Obama’s 'Bipartisan' Budget Is Anything But
Policy + Politics

Obama’s 'Bipartisan' Budget Is Anything But

Jonathan Ernst

The Republican chairs of the House and Senate Budget Committees were sharply criticized last week when they announced that they would not even give President Obama the courtesy of a hearing on his budget request, which was released this morning. The break in tradition was unexpected, but given the content of the document rolled out by the White House today, perhaps not surprising.

The Presidential budget request is, by its nature, a political document. It reflects the priorities, principles, and beliefs of the administration, but it carries little real legislative weight. Even when the White House and the Congress are controlled by the same party, legislators don’t surrender their control of the purse strings to the occupant of the Oval Office. When opposite parties control the executive and legislative branches, budgets are ritually declared dead on arrival.

Related: Obama Reveals Record $4.1 Trillion Budget as Congress Gears Up for a Fight

The record $4.1 trillion request sent to Congress today, however, submitted by a lame duck president to a Congress that has no incentive to work with him, is less an effort to influence lawmakers in their 2017 budget deliberations than to express a vision of the future. Specifically, a future as envisioned by Democrats.

“[T]his Budget is not about looking back at the road we have traveled,” President Obama writes in his opening message. “It is about looking forward. It is about making sure our economy works for everybody, not just those at the top. It is about choosing investments that not only make us stronger today, but also reflect the kind of country we aspire to be—the kind of country we want to pass on to our children and grandchildren. It is about answering the big questions that will define America and the world in the 21st Century.”

In a media briefing Tuesday afternoon, Office of Management and Budget director Shaun Donovan tried to preemptively shut down the idea that the budget was anything other than a serious legislative proposal.

“It’s tempting to adopt the conventional wisdom that a president’s final budget isn’t relevant. But I think the conventional wisdom is wrong. With many final year budgets you either see an administration dramatically trim its sails and dial back on ambition, or you see a budget that is solely a vision document, with little that is relevant to the debate.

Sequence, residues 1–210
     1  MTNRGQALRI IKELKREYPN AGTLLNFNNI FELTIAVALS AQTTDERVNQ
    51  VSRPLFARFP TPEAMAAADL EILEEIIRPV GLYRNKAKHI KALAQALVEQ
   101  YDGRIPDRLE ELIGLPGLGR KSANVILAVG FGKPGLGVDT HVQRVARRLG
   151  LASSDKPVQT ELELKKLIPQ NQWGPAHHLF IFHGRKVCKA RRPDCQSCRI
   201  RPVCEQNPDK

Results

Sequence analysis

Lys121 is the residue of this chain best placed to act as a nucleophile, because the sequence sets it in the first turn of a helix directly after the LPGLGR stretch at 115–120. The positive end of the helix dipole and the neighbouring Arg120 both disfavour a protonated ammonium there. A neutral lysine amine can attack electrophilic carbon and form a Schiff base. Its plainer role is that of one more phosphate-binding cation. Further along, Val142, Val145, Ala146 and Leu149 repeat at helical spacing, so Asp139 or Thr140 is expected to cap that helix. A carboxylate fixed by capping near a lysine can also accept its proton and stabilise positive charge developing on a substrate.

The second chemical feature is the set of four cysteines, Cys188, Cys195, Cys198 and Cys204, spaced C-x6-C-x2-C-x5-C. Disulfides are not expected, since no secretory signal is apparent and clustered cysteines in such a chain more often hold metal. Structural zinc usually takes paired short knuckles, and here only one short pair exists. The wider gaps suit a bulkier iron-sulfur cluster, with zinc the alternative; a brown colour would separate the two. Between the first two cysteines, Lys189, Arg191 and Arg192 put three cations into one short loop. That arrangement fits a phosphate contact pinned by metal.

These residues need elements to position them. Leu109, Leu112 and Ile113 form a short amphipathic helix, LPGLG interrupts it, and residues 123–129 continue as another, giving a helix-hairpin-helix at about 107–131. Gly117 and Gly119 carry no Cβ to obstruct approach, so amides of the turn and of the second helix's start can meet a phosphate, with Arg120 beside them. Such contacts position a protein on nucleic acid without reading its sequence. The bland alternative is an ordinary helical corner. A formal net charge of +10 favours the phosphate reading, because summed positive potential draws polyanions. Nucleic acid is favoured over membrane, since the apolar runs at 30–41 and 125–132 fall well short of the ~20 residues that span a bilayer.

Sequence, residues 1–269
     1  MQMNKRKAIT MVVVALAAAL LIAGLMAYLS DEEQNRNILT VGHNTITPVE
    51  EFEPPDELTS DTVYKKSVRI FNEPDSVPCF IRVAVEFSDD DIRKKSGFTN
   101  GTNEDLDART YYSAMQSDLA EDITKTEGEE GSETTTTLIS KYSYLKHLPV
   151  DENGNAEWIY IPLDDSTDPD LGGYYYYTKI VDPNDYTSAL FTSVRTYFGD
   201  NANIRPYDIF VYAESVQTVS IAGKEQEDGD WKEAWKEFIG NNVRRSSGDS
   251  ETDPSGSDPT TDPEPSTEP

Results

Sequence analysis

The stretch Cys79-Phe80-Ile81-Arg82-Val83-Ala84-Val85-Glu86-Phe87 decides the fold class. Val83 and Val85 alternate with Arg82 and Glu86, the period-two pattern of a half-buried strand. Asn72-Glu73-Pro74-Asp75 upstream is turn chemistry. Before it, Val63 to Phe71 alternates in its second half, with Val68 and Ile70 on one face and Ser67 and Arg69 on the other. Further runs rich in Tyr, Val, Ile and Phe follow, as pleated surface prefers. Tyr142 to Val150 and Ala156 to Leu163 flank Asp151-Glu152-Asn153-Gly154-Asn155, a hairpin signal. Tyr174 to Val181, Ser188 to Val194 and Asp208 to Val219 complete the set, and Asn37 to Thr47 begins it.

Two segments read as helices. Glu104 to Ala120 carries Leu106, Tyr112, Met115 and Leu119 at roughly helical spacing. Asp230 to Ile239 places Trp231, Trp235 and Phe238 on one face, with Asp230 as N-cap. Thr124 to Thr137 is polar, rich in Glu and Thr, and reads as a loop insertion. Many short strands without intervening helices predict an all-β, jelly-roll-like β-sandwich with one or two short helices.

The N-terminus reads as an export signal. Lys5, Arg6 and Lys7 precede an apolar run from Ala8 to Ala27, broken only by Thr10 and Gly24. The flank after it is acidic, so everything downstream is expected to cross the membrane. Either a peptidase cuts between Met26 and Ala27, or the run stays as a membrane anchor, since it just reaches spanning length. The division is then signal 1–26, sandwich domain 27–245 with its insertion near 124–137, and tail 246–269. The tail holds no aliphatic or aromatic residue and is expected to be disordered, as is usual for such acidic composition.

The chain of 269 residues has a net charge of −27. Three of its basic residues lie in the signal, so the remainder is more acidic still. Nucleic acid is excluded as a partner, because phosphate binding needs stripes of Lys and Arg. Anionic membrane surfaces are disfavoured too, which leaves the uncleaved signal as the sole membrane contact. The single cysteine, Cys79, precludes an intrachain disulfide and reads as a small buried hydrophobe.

Related: Sharp Divide Over Spending and the Debt Could Renew Budget Warfare

“This budget falls in neither of those camps.”

To support his case, he said that there are proposals in the budget that both Republicans and Democrats can agree on. However, in the 150-plus pages of the document, the selection was skimpy: cybersecurity  efforts, the president’s “moonshot” proposal to cure cancer, measures to reduce opioid addiction, and some expanded tax credits.

From the get-go, it’s clear that the document isn’t meant to appeal to Republican lawmakers. The very first section is dedicated to taking steps to slow global warming – a phenomenon that large segments of the GOP deny is a made-made phenomenon or even exists. From doubling investment in clean energy technology to increasing federal protections for the water supply, the proposals are the very type of thing that Republican leaders in Congress object to on principle.

A centerpiece is a “21st Century Clean Transportation Plan” that would be funded by a $10.25 surcharge on every barrel of oil sold in the country – a plan with no more chance of gaining Republican support than a scheme to give President Obama a third term in office.

Related: Congress Fumbles Again on Funding for Flint Water Crisis

It moves on to suggest expanded aid for the needy, for students, and for workers, coupled with higher taxes on the wealthy and a fee that would extract more than $10 billion per year from the largest financial institutions in the country.

The budget offers no alternative to steadily increasing federal debt, although it does suggest a flattening of the growth rate. As Council of Economic Advisers Chairman rather artfully put it, the plan places the federal debt “on a stabilized non-declining path.”

House Budget Committee Chairman Tom Price echoed many of his Republican colleagues with his blistering criticism of the president’s request on Tuesday afternoon.

“Like every one of his previous budgets, President Obama’s newest plan never balances. Ever,” he said in a release. “Like all of his previous proposals, it increases spending by trillions of dollars above what we already cannot afford and takes more money out of the pockets of hardworking taxpayers with no plan to address the key drivers of our debt. Under the president’s vision, what we spend on interest on our national debt by 2022 will surpass that which we spend to protect and defend our nation. This is the same approach we have seen time and time again from this administration that continues to lead America down the same path we have been on for the past seven years: one with fewer jobs, lower wages, less opportunity and less security.”

Related: Here’s How the Top 1 Percent Celebrate Valentine’s Day

Price has said that his committee will produce a balanced budget as an alternative to the president’s request.

However, OMB Director Donovan, in the press briefing, warned against a return to what he called the “mindless fiscal austerity” of previous years in which draconian spending cuts and government shutdowns were part of the budget equation and had a significant negative impact on economic growth.